The Big Bang Model
The Big Bang Model is a broadly accepted theory for the origin and evolution of our universe. It postulates that 12 to 14 billion years ago, the portion of the universe we can see today was only a few millimeters across. It has since expanded from this hot dense state into the vast and much cooler cosmos we currently inhabit. We can see remnants of this hot dense matter as the now very cold cosmic microwave background radiation which still pervades the universe and is visible to microwave detectors as a uniform glow across the entire sky. The Big Bang Model rests on two theoretical pillars. These two ideas form the entire theoretical basis for Big Bang cosmology and lead to very specific predictions for observable properties of the universe.
The first key idea dates to 1916 when Einstein developed his General Theory of Relativity which he proposed as a new theory of gravity. His theory generalizes Isaac Newton's original theory of gravity, c. 1680, in that it is supposed to be valid for bodies in motion as well as bodies at rest. Newton's gravity is only valid for bodies at rest or moving very slowly compared to the speed of light (usually not too restrictive an assumption!). A key concept of General Relativity is that gravity is no longer described by a gravitational 'field' but rather it is supposed to be a distortion of space and time itself. Physicist John Wheeler put it well when he said 'Matter tells space how to curve, and space tells matter how to move.' Originally, the theory was able to account for peculiarities in the orbit of Mercury and the bending of light by the Sun, both unexplained in Isaac Newton's theory of gravity. In recent years, the theory has passed a series of rigorous tests.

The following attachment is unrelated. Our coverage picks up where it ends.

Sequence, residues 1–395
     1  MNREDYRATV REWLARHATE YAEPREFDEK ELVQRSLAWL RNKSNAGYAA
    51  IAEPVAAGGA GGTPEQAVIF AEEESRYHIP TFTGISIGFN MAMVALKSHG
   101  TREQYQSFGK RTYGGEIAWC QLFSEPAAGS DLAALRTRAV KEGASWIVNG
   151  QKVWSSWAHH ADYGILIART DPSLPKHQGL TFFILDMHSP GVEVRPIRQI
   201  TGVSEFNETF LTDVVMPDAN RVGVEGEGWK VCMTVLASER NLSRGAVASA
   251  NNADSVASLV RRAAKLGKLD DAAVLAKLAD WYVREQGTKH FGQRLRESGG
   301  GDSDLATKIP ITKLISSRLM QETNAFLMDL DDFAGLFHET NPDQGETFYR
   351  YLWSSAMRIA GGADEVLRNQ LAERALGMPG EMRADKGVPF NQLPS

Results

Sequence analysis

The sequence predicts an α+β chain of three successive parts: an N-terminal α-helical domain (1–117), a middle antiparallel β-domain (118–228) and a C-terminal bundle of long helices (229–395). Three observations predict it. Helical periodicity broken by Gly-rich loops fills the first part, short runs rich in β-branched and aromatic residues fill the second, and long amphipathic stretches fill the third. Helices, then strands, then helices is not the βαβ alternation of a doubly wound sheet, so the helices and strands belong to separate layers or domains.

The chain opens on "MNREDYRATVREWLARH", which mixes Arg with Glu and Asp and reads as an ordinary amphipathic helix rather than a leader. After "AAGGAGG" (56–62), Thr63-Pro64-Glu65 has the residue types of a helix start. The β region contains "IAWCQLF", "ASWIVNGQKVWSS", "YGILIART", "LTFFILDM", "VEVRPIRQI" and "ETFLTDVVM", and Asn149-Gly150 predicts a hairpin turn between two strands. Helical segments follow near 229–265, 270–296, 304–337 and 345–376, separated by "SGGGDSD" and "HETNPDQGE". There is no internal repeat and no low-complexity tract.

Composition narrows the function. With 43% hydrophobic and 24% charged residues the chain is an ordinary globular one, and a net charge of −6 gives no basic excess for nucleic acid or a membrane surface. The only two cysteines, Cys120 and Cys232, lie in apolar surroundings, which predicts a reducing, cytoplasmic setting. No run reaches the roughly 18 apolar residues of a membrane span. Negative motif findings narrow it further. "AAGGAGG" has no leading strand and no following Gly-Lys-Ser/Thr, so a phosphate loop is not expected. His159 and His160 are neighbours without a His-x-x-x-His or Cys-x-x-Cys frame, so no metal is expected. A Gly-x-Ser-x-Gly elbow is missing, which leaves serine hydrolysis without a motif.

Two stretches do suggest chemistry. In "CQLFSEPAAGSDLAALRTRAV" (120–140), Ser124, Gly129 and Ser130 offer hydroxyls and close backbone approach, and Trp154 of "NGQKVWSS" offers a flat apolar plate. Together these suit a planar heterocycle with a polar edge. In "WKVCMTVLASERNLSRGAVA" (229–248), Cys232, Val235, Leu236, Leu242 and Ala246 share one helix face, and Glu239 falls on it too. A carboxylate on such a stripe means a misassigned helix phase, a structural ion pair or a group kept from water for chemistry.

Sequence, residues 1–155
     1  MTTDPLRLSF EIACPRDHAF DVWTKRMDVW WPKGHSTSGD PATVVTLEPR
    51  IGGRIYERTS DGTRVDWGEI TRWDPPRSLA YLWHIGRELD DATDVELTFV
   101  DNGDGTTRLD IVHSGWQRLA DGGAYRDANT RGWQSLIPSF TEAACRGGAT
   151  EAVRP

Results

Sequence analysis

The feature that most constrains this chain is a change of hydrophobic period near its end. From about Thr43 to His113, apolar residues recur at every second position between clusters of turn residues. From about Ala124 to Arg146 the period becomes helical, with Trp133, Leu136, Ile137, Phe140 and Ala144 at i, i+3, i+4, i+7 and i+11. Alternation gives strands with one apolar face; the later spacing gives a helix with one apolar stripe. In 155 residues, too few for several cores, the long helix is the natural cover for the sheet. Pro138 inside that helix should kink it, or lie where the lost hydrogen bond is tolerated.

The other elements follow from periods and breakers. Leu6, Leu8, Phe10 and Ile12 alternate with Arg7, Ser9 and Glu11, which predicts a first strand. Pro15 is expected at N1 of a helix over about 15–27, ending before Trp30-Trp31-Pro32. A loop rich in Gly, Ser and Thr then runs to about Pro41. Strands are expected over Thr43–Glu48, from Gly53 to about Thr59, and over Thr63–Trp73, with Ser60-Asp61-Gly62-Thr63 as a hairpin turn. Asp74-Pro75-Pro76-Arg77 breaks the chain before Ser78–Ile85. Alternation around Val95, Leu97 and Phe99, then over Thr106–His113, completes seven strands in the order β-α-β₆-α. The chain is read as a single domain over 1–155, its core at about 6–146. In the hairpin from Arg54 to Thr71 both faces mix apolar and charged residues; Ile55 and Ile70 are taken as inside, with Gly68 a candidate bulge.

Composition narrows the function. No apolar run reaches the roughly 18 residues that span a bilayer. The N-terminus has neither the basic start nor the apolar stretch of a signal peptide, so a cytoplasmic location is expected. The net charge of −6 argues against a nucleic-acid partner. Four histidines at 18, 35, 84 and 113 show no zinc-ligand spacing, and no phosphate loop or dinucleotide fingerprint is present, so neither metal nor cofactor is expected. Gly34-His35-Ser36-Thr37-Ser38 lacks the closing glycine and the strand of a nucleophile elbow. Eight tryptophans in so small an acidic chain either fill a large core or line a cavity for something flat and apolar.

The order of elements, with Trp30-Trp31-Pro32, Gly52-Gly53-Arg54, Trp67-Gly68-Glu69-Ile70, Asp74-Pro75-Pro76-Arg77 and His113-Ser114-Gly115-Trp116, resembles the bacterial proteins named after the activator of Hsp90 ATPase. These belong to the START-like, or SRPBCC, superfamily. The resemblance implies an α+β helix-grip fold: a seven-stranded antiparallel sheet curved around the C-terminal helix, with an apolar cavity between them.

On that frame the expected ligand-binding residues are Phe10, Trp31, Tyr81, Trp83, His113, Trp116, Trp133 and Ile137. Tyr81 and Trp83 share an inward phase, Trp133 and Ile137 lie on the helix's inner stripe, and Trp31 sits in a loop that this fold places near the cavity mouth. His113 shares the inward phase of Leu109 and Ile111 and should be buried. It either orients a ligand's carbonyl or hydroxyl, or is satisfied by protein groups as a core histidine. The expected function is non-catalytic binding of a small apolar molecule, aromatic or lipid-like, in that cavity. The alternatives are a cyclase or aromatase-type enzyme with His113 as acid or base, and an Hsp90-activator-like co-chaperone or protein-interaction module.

After the introduction of General Relativity a number of scientists, including Einstein, tried to apply the new gravitational dynamics to the universe as a whole. At the time this required an assumption about how the matter in the universe was distributed. The simplest assumption to make is that if you viewed the contents of the universe with sufficiently poor vision, it would appear roughly the same everywhere and in every direction. That is, the matter in the universe is homogeneous and isotropic when averaged over very large scales. This is called the Cosmological Principle. This assumption is being tested continuously as we actually observe the distribution of galaxies on ever larger scales. In addition the cosmic microwave background radiation, the remnant heat from the Big Bang, has a temperature which is highly uniform over the entire sky. This fact strongly supports the notion that the gas which emitted this radiation long ago was very uniformly distributed.
NASA Goddard Space Flight Center